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1.What medicines have been imported from Brazil?
TAC and MSF have imported generic antiretroviral medicines from Brazil.
The scientific names for these medicines are Zidovudine (AZT), Lamivudine
and Nevirapine. For part of the imported batch, AZT and Lamivudine are
combined together into one capsule.
2.What are these medicines used for?
They stop HIV from reproducing in the human body. This allows the immune
systems of people who have HIV/AIDS to get better (reconstitute). These
medicines have been shown to help people with HIV/AIDS to live longer,
3.Have TAC and MSF broken the law?
There are patents on these medicines in South Africa. TAC and MSF have
committed an act of defiance. By importing them from Brazil, TAC and MSF
have infringed the patents. The constitution, which is the highest law in
South Africa, protects the rights to life and dignity. By bringing in
these medicines, TAC and MSF believe they are upholding these rights. Note
that patent infringement is a civil matter, not a criminal one.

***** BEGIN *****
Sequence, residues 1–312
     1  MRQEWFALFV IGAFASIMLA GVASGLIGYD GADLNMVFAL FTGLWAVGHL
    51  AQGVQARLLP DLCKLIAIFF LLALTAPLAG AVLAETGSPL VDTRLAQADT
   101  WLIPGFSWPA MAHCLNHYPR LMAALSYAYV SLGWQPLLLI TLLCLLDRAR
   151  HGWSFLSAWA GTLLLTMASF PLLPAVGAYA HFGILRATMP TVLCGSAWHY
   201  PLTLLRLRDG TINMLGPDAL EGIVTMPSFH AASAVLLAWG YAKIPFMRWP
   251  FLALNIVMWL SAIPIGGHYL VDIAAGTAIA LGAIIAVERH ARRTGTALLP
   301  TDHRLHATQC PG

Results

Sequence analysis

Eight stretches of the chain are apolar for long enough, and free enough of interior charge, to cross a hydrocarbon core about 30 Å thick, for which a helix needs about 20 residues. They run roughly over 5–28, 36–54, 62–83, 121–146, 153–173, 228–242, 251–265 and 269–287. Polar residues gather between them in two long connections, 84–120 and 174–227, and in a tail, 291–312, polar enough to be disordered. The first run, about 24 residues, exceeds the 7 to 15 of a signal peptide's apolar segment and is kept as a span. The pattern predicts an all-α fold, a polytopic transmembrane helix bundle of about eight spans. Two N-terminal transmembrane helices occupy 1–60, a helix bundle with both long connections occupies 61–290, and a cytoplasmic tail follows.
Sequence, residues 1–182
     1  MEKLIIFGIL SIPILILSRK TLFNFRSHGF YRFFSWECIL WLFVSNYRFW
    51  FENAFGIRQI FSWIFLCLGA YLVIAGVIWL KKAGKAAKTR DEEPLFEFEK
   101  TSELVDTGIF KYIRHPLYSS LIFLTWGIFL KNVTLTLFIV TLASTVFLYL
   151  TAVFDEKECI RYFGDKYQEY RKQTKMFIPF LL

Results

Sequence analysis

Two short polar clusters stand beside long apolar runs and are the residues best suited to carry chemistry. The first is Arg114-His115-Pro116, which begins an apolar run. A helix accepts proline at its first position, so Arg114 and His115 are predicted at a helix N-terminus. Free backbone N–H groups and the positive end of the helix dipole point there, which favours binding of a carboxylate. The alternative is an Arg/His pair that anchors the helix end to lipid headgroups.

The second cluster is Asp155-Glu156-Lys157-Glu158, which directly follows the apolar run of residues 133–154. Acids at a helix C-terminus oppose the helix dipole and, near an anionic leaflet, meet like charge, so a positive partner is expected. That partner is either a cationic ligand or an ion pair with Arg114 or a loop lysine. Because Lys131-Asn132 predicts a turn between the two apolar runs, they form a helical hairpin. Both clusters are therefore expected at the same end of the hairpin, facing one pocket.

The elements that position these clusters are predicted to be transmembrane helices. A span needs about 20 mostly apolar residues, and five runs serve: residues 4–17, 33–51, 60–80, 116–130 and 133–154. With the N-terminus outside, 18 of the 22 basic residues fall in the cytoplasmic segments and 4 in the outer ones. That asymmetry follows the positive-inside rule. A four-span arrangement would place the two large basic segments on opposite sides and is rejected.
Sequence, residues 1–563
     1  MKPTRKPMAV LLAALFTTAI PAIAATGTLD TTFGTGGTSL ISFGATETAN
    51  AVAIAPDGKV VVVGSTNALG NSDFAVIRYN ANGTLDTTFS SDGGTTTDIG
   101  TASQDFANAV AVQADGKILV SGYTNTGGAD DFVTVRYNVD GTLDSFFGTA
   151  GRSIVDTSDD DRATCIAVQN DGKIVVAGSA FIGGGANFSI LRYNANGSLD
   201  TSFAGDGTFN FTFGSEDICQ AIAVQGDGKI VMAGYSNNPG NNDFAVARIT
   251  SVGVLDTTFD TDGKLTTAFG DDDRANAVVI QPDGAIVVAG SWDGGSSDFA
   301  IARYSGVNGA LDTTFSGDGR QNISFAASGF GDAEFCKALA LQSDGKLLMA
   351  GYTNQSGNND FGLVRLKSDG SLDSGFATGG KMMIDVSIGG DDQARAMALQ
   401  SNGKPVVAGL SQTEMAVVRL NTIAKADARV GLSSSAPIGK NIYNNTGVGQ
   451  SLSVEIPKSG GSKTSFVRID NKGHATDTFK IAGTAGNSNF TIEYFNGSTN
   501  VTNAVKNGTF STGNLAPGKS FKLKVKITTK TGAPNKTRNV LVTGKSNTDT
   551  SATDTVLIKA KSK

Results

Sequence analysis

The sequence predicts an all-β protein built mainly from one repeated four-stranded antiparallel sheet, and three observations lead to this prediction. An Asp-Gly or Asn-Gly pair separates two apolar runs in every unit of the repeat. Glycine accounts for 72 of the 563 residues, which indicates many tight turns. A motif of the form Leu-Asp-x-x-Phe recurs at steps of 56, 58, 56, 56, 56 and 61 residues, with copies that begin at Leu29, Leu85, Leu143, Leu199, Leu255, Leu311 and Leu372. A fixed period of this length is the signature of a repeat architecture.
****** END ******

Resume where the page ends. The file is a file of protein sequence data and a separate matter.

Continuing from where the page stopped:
4.Why did TAC and MSF do this?
Joint Press Release of Médecins Sans Frontières (MSF), Treatment Action Campaign (TAC), and Oxfam, Generic AIDS Drugs Offer New Lease on Life to South Africans Importation of generics cuts price in half
29 January 2002, Johannesburg:
Yesterday, three members of the Treatment
Action Campaign, (TAC) returned to South Africa from Brazil carrying
generic drugs manufactured for use in an AIDS treatment program in
Khayelitsha. At a press conference today, TAC and MSF explained that the
drugs carried from Brazil were the second shipment of Brazilian drugs and
that as of today more than 50 people are already taking the Brazilian
medicines in Khayelitsha.
To guarantee the quality of these drugs, an authorisation from the
Medicines Control Council (MCC), the South African drug regulatory
authority, was obtained prior to their use.